In all fairness, by the time of their discovery, the precedent of unofficial special access programs was primarily a moot point. Either intentionally or by ironic happenstance, three months prior to five men being caught breaking into the Democratic party headquarters at the Watergate complex in Washington D.C., on March 8, 1972, President Richard Nixon signed Executive order 11652, legitimatizing and establishing the overall framework for what would eventually become the "Special Access Program" of today.
Still not thoroughly having worked the kinks out, according to the Center for Development of Security Excellence’s (CDSE) Special Access Programs Training Course, from the early 1970s to 1980s, SAPs—referenced even within the government as "black programs,”—were almost exclusively restricted to safeguarding DoD acquisition programs. In fact, the existence of "black programs” wasn't publicly known until the mid-1980s, when the controversial "Project Yellow Fruit" unceremoniously thrust government secrecy programs in the limelight.
More on "Project Yellow Fruit" to come.
By the mid-1990s, these enigmatic workshops shed the "black program" moniker, opting to go by the more contemporarily familiar "Special Access Program." In addition to the more dexterously sleek title, intelligence, operations, and support programs were added to the SAP repertoire, establishing the Special Access Program regime we've come to know today.
Armed with some history on SAP's, let’s take a look at how they operate.
Enter the Bureaucratic Jungle of SAPs
When considering the term "special access program," typically, people envision one of the three categories that go on within the Department of Defense, as outlined by DoD 5205.07. Acquisition, intelligence, and operations and support. Breaking these categories down to gain a sense of what they entail:
- Acquisition SAPs: Programs that involve research, development, testing, modification, evaluation or procurement of new technologies. (According to the CDSE, Acquisition SAPs make up 75-80% of all DoD SAPs)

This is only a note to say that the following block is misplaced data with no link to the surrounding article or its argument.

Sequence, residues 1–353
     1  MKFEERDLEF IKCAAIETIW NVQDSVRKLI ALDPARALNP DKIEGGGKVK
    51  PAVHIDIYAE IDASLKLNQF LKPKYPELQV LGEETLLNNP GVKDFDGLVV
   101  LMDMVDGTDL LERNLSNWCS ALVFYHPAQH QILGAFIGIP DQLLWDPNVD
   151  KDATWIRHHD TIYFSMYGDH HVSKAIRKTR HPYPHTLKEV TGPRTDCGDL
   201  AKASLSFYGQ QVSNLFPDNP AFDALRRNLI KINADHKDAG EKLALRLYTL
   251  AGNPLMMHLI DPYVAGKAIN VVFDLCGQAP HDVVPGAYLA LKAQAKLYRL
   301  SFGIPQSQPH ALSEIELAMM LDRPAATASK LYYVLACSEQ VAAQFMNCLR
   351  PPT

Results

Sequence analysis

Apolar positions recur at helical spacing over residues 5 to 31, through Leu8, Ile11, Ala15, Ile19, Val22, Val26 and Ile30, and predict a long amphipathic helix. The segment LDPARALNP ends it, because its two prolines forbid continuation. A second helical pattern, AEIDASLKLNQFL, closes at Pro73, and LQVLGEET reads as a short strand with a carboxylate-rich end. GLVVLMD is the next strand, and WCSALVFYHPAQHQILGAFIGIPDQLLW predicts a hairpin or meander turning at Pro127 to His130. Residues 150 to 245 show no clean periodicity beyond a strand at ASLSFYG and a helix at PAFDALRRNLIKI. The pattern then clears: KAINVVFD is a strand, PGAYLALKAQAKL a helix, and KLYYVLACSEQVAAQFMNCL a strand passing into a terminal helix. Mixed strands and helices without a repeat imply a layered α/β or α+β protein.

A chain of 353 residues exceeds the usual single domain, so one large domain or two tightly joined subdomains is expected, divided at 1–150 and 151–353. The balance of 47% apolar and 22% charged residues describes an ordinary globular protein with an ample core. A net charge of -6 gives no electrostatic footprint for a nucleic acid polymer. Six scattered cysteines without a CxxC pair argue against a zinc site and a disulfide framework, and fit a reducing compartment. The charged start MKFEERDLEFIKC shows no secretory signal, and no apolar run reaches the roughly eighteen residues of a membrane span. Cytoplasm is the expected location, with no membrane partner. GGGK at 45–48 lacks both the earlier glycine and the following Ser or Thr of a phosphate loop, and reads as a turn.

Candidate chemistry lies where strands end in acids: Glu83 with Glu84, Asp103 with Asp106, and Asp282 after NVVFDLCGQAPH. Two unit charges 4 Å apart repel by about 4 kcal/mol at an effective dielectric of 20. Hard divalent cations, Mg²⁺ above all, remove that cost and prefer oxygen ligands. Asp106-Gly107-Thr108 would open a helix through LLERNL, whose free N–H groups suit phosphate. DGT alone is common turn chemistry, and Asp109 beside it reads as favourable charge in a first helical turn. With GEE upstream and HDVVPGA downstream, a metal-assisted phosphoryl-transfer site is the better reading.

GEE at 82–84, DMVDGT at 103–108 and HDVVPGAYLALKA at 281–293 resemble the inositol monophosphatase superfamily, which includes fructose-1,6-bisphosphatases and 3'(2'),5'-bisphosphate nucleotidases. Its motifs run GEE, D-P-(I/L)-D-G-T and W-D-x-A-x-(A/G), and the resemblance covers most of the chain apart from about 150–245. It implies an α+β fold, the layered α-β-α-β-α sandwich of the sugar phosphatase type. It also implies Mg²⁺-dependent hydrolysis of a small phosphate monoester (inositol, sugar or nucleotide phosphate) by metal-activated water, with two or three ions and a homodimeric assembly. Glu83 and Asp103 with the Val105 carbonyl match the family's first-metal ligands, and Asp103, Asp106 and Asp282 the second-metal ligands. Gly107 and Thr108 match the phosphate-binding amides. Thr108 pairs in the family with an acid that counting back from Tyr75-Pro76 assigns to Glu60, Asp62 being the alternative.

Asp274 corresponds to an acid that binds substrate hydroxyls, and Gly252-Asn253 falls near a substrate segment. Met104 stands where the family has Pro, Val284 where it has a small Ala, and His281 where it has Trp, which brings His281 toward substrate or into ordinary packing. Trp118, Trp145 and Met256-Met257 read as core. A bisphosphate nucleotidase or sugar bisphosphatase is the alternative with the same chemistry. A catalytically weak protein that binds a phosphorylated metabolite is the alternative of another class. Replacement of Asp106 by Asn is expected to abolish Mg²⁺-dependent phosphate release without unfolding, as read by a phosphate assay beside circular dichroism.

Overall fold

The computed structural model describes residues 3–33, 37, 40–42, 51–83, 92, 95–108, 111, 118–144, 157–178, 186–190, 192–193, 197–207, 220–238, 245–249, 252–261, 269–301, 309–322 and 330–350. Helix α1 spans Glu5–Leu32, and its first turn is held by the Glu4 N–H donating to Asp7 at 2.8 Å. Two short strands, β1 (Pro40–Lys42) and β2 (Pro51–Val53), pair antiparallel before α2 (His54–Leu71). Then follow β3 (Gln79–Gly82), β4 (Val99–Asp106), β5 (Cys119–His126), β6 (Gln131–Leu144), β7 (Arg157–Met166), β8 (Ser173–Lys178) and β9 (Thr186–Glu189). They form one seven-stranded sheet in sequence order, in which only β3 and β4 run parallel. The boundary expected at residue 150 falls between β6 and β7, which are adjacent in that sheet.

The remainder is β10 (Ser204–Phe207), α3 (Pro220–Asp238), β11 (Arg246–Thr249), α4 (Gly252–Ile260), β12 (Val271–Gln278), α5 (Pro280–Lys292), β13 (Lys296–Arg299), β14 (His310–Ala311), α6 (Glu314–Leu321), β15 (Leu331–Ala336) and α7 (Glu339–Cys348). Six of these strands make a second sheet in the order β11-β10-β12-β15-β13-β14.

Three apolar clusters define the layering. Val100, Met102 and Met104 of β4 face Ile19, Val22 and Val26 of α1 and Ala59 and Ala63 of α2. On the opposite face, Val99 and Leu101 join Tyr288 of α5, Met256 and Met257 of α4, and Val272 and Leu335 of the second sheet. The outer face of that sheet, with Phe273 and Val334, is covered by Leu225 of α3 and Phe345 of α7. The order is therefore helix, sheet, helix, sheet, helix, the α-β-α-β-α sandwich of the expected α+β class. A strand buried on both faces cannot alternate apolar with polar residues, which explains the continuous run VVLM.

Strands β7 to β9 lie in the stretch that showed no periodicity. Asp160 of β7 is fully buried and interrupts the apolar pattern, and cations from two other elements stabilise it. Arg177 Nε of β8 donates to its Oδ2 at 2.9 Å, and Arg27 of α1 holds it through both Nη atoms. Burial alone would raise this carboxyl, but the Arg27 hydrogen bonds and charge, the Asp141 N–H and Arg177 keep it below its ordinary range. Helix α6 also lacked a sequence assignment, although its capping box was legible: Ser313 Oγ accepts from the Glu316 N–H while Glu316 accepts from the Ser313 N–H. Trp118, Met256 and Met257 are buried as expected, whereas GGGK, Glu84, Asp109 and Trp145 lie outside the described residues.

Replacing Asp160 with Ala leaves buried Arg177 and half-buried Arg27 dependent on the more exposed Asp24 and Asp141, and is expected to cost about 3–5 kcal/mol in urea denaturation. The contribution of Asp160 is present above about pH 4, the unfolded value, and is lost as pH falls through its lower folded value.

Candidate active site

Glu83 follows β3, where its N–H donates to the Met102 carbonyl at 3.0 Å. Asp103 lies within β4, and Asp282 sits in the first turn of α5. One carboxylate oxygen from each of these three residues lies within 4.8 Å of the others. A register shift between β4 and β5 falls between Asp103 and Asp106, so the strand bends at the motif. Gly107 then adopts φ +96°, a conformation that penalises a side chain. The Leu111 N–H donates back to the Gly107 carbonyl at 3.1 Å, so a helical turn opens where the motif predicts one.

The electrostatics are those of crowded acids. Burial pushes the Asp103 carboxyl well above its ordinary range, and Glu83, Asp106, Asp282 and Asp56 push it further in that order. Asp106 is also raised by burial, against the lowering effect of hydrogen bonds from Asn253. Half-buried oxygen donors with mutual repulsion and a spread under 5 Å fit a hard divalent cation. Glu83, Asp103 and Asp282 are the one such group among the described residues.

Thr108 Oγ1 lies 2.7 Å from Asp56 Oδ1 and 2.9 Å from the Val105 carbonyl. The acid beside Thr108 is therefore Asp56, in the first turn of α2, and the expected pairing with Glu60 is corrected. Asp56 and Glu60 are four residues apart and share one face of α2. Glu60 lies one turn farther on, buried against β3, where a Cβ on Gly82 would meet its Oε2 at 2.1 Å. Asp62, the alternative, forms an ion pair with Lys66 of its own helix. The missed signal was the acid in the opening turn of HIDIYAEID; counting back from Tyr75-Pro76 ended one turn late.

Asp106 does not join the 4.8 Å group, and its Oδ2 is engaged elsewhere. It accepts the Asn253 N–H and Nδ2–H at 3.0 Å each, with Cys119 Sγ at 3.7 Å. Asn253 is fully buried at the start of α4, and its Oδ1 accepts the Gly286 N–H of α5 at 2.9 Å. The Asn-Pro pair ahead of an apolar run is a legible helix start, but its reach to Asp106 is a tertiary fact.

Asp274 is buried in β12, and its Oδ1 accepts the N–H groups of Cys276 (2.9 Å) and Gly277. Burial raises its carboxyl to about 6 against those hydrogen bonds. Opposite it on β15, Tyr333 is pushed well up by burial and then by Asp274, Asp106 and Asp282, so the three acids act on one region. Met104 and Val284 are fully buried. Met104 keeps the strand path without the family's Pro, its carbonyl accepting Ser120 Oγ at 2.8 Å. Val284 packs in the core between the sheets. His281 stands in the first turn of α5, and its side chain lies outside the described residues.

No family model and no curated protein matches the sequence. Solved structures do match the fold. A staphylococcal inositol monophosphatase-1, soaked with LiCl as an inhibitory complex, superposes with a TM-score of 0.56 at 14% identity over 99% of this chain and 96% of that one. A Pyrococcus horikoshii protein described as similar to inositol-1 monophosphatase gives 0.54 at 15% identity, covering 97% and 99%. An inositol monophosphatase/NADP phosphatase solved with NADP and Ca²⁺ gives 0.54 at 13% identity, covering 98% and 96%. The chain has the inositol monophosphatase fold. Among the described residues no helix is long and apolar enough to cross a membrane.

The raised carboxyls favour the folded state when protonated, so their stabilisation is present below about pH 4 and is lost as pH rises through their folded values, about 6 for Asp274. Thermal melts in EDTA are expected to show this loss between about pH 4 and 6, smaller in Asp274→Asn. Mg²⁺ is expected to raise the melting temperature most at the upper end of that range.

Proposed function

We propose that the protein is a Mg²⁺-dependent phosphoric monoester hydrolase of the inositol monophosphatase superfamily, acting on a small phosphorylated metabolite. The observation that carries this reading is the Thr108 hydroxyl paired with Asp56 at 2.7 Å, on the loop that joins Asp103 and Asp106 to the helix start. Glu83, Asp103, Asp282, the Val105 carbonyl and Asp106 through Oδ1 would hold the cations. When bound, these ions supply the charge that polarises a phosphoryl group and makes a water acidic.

- Intelligence SAPs: Planning and execution of, especially sensitive, intelligence or counter-intelligence operations.
- Operations and Support SAPs: Planning, implementation, and support of sensitive military activities.
It's important to note, though the DoD's three main categories are the most well-known, Special Access Programs are inherently just a procedure within the government. In fact, there are many other categories of SAPs that go on outside the DoD. For example, the Secret Service's Presidential travel support detail is technically a SAP. Additionally, within the intelligence services, these similar sets of protocols are termed, "Sensitive Compartmented Information” (SCI) and not "Special Access Programs."
Additionally, separate from an objective category, all special access programs fall under one of two distinctive protection levels—"acknowledged" and "unacknowledged."
- Acknowledged SAPs - Programs that's existence and purpose can be openly recognized. With Acknowledged SAPs, typically only intimate details, such as technologies, materials or techniques are kept secret. Funding for Acknowledged SAPs is mostly unclassified and can be readily seen in the government's fiscal budget.
With its existence well known, yet its inner details still remaining mysterious, Northrop Grumman’s B-21 Raider is an excellent example of an Acknowledged Special Access Program actively going on today.
On the other end of the spectrum, serving as the inspiration for much spy fiction or conspiracy theories of secret space forces, there is the “Unacknowledged” SAP.
- Unacknowledged SAPs or “USAPs”: The shy sibling of the SAP family. When a SAP is designated as "unacknowledged" not only is a program's purpose carefully guarded, as the name implies, USAPs mere existence may be denied to everyone but a spare few who aren't a part of the program. Given their shadowy presence, it should come as no surprise, the funding for unacknowledged SAPs is either classified or is intentionally hidden within the Federal budget.
An example of an Unacknowledged SAP would be the RQ-170 before it was officially disclosed to the public.
In rare instances, when information is considered to be of the most extremely sensitive in nature, the Secretary of Defense can formally exempt a program from federal reporting requirements and establish the pinnacle of the secrecy—the "Waived Unacknowledged SAP.”
Due to their ultra-secretive nature, Unacknowledged or Waived-Unacknowledged SAPs, serve as fertile breeding grounds for conspiracies of hidden crashed UFO technology or veiled government "carve-outs" whereby the general public's benefit is an afterthought. In truth, USAPs or Waived USAPs, like anything else that lacks accessibly verifiable fact, is likely very mythicized. With that said, like any good myth, there’s some truth and historical precedent that give legitimate reasons to be concerned with these deeply hidden programs.
With that in mind, let's take a quick journey back to the not-to-distant past. To a time that shows Special Access Programs have, and can, operate in a manner opposed to public interest.
“Yellow Fruit," The Rogue SAP The Government Wants To Forget